investigations by the DEA task force in Alpine.
James Rose, resident agent in charge of the Alpine DEA office, said the
indictments stem from a continuing investigation into drug use in Alpine.
"We are attempting to put a little more emphasis on the street dealers
in Alpine," Rose said. "There is a lot of blatant drug use we noticed in
the last several months, and we are going to continue to pressure until
we have got a hand on that."
Sul Ross State University students and others who had moved into Alpine
are among those charged in numerous indictments over the past few months.
In those unsealed last week, charges include marijuana, cocaine and
Charged with conspiracy to possess and possession with intent to
distribute heroin in May and June are Jeffery Tod Williams, Letitia
Garcia, Irene Olivas and Irene Campos.
Marilyn Jean Ingram, 41, of Alpine, and Lorenzo Glenn Delao are charged
with conspiracy to possess and possession with intent to distribute
marijuana in May and June.
Jessica Kinkaid, Sarah Sanders and Matthew Sanders were indicted for
possession with intent to distribute marijuana and cocaine in June. The
Sanders are charged with distributing marijuana while under 18 years of
Terrell Adams, Kendra Greaves, Joseph Justice, Jody Lnu and Clifford
Rose are charged with conspiracy to possess marijuana. Greaves, Justice,
Lnu and Rose are also charged with possession of marijuana.
In other recent indictments, some sales were allegedly made within 1,000
feet of a university (Sul Ross State University) or an Alpine elementary school.
By SHANNON BRYER
PECOS, July 7, 1997 - A Lamesa woman reported missing last night on the
Pecos River found her way to safety this morning when she spotted a
deputy sheriff on the bridge at State Highway 302.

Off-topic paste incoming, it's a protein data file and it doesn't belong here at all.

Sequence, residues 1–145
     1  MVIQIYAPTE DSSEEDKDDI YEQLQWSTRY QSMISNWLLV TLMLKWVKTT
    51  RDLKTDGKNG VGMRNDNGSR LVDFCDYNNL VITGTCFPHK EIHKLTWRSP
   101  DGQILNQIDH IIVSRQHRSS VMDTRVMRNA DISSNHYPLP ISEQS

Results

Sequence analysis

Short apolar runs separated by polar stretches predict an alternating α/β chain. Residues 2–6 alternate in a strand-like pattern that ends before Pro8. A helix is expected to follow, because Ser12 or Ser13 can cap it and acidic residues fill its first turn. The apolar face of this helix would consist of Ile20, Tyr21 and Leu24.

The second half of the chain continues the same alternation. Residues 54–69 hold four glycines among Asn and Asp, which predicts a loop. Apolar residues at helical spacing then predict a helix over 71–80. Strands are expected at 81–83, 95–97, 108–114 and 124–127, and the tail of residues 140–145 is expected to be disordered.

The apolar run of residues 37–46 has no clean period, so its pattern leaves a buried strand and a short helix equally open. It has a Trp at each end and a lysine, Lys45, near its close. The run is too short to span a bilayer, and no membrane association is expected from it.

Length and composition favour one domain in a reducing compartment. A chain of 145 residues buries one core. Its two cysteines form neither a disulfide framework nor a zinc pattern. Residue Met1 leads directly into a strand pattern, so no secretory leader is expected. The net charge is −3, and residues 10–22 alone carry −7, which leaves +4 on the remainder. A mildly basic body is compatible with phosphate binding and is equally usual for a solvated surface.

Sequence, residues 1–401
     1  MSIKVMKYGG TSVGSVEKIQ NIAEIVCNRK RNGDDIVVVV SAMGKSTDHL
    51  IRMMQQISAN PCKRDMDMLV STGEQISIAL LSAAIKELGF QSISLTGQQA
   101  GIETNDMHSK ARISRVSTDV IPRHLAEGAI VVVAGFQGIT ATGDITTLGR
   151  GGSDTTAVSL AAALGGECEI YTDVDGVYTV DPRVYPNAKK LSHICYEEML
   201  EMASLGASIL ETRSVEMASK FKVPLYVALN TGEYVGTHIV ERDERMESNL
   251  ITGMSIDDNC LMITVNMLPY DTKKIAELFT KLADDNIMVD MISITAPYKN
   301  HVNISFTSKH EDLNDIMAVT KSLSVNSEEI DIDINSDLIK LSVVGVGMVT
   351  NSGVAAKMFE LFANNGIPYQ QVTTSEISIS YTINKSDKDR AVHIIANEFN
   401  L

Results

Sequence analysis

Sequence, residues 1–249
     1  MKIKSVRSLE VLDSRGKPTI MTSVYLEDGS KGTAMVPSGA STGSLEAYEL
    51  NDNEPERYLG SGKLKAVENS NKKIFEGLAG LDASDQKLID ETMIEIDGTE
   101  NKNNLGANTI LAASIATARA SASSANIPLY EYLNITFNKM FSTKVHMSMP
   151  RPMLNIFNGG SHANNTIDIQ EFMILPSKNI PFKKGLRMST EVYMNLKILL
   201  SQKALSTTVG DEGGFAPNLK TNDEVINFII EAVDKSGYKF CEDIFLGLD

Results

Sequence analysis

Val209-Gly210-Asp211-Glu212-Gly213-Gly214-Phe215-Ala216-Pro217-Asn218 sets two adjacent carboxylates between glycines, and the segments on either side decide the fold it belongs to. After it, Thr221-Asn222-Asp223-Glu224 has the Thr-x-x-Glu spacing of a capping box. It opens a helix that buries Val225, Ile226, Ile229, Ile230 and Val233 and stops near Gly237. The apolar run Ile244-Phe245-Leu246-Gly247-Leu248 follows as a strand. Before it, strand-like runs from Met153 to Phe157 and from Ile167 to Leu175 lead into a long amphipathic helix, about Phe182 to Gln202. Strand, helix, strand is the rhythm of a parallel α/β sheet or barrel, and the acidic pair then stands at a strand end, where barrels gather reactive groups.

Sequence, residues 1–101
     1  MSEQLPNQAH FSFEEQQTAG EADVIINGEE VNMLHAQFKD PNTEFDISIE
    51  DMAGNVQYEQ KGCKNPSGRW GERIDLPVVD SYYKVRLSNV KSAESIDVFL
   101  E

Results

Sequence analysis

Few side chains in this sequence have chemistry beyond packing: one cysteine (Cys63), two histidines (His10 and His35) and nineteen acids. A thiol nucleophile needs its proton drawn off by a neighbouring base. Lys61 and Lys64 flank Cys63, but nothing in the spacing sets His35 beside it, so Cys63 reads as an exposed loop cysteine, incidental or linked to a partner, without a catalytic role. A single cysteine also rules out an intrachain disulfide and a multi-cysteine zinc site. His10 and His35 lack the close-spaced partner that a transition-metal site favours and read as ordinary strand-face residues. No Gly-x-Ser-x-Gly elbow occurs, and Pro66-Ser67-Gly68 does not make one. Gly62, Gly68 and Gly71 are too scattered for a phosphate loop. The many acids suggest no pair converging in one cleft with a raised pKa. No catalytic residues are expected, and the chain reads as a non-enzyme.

Kevin Sneed called on the Red Bluff game wardens' office Sunday night at
9:30 to get help finding his common law wife, Davena Franklin, according
to Reeves County Deputy Sheriff Cesar Urias.
"Franklin and Sneed had been rafting, and Sneed went to get his Jeep to
pick up Davena and the raft on the river near the area called Sandy
Beach. When he returned, she and the raft were gone," Urias said.
Sneed drove up and down the river several times looking for Franklin and
got two flat tires in the process. Then he decided to call for help.
Game wardens and deputy sheriffs searched for Franklin all night.
"The search was brought to a halt at one point by a two-hour lightning
storm, since the game wardens have a metal boat," Urias said.
"A DPS chopper was called in to light up the place and locate the
person, but it was delayed because of the storm," continued Urias.
Each deputy was assigned a duty. "Some went to a bridge in the area of
Orla, and one in Mentone. Deputy Floyd Estrada and I went to the place
where she was last seen," Urias said.
"The Reeves County Sherriff has been here all night, so have the
deputies and the game wardens. The sheriff of Loving County even came
to help us out," Urias said.
"We did what we could do until daylight. Then the helicopter came back
and flew along the river," Urias said.
"Franklin rafted down the river and waited to find a major highway. She
found Deputy Damon Compton on highway 302," said Sergeant Jeff Baeza.
Franklin did not need medical treatment.
By MICHELLE MITTELSTADT
Associated Press Writer
WASHINGTON (AP) July 7, 1997 - Seeking to reduce U.S. dependence on
foreign oil and boost the domestic energy industry, a Texas congressman
is proposing tax breaks to resuscitate some of the nation's more than
900,000 inactive wells.